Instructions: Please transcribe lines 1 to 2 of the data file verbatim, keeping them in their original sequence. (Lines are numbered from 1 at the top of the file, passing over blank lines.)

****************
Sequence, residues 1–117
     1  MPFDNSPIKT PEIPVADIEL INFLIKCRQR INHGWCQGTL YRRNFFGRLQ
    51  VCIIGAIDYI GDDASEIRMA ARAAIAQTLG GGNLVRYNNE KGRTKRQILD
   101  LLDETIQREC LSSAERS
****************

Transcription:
Sequence, residues 1–117
     1  MPFDNSPIKT PEIPVADIEL INFLIKCRQR INHGWCQGTL YRRNFFGRLQ